Physical therapists are professionally trained to evaluate and manage muscle and bone injuries. They will assess your injury, determine the best treatment options, and develop a plan that works for you. Often time physical therapists will use exercise, stretching, and other techniques to help regain strength and range of motion.

    An occupational therapist may work alongside or independent from a physical therapist to help you work on your fine motor skills that may have been affected by de Quervain’s tenosynovitis. These healthcare professionals are great resources for anyone working to rehab their injuries.

  • Corticosteroid Injections

    A corticosteroid injection is a commonly used treatment of de Quervain’s. The doctor uses a steroid medication that is injected into the injured area with a needle. The steroid injection is typically very successful at reducing inflammation and pain. You may be limited by the number of times you are able to receive these injections and there are potential side effects.


Surgery is a last resort for people suffering from de Quervain’s tenosynovitis. It’s typically reserved for people who have not had success with other treatments. During surgery, the surgeon will make an incision in the wrist. Then makes a small incision in the tendon sheath that surround the tendons. This gives the tendons more room to move. Surgery is done on an outpatient basis and has a quick recovery time.

What to Expect from a Doctor Visit

It’s always important to be prepared when you walk into the doctor’s office so you can make the most of your appointment. We recommend bringing along a piece of paper and pen to write down all the information so you can refer to it later. When you walk into your doctor’s appointment your doctor will ask you a few questions and likely perform a quick test on your hand. Here is a rundown on what you can expect from a doctor visit:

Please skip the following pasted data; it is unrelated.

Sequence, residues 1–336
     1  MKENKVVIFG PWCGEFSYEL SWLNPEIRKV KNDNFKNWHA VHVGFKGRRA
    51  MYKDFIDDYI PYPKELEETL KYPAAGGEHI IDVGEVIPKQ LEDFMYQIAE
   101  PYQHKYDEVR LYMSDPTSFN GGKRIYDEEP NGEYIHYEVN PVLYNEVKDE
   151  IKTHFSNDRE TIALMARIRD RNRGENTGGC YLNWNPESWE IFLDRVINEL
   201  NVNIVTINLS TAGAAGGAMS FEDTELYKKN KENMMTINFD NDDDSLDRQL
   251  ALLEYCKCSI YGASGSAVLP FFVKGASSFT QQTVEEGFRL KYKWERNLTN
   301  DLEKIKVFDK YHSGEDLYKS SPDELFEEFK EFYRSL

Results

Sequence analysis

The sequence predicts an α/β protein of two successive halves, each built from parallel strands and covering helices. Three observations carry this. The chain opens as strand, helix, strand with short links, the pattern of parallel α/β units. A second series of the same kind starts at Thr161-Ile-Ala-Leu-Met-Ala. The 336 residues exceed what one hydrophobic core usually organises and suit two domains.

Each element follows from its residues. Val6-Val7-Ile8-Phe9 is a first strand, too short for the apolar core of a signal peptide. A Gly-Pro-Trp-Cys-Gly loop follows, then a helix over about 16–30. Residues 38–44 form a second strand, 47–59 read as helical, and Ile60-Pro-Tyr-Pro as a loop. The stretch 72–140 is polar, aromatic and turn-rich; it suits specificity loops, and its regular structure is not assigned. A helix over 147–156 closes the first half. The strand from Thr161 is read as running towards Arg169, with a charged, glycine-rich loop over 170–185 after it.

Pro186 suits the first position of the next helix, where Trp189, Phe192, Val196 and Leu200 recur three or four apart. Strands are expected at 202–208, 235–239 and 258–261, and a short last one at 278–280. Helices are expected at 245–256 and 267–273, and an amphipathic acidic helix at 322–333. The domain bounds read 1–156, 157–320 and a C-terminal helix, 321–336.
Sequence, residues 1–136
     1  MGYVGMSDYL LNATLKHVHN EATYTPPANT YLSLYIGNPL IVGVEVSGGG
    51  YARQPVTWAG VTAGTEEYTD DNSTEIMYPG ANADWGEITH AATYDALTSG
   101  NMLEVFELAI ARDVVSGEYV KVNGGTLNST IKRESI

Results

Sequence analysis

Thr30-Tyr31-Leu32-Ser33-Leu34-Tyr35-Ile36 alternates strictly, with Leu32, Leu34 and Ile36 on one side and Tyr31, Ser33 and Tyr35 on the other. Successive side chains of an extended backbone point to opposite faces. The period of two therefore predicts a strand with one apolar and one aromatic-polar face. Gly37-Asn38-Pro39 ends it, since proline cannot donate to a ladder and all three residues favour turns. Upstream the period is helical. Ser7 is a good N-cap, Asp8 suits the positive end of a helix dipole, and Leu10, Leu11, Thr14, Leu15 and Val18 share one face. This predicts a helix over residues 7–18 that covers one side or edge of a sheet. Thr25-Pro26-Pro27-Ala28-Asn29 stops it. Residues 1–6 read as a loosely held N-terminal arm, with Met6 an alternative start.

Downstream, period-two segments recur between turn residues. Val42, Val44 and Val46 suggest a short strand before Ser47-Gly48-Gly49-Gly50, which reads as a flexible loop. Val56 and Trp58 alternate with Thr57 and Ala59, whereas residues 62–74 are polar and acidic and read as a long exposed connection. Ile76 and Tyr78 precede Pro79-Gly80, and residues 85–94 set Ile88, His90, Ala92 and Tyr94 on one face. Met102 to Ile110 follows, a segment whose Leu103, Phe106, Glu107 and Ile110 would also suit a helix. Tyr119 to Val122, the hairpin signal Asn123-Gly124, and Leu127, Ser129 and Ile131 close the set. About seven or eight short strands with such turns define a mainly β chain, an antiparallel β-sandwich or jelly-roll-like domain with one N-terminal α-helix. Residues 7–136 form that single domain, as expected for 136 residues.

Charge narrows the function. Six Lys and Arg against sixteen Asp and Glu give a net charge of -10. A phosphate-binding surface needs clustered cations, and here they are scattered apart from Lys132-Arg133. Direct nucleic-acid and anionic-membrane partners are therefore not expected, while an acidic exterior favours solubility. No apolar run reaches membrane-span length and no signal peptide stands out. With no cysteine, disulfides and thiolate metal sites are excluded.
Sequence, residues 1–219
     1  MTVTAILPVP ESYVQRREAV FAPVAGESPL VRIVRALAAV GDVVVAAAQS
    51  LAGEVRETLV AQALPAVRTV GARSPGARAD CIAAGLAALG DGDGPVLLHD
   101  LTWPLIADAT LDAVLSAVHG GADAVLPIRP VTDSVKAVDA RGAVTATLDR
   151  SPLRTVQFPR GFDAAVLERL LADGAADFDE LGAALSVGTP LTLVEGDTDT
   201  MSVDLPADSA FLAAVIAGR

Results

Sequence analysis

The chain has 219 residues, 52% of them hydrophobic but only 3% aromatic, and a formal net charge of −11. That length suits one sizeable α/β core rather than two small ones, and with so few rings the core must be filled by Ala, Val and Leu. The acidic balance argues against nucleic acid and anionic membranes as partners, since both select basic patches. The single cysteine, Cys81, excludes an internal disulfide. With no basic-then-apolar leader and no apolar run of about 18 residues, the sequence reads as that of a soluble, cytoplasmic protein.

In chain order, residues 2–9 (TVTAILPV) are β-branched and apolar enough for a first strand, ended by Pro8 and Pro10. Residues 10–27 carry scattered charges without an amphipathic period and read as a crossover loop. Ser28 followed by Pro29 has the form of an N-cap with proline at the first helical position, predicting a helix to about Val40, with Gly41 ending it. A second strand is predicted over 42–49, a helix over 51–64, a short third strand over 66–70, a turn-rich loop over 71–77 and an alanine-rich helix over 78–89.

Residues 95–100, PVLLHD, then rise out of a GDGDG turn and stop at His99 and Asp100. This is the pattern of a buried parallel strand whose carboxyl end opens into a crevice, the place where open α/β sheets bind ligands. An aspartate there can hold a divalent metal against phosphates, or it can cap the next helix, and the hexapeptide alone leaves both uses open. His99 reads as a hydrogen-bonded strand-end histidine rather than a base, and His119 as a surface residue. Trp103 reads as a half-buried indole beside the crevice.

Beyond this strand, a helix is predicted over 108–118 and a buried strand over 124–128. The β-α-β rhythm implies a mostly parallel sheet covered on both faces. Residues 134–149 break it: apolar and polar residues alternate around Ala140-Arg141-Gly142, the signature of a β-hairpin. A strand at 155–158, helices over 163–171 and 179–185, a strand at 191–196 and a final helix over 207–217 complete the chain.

• What are your daily activities like?
  • When did the pain start?
  • What makes it worse?
  • What treatments have you tried?
  • Have you injured that hand or thumb?

Prevention Tips

Preventing de Quervain’s tendinosis is the best way to avoid any unnecessary pain. Here are our best tips to prevent this painful condition.

  • Avoid repetitive hand movements
  • Take frequent breaks from activities that use your wrists
  • Wear a brace or splint
  • Change your hand movements
  • Follow any medical advice from your doctor or physical therapist

Safe Treatment for De Quervain’s Tenosynovitis

De Quervain’s tenosynovitis is a condition that affects the hand, thumb, and wrist. With a few lifestyle modifications, you may be able to reduce the pain and inflammation. If that isn’t enough medical treatment might be necessary. De Quervain’s can be diagnosed quickly by your doctor and they will be able to guide you through any specific treatment options that are right for you.


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Patty Weasler, RN
Patty Weasler, RN

Patty Weasler is a freelance health writer and nurse. She is certified in critical care nursing and has been practicing for over 10 years. Patty lives in Milwaukee, WI with her husband and three children. She enjoys spending her time with family and educating people about their health.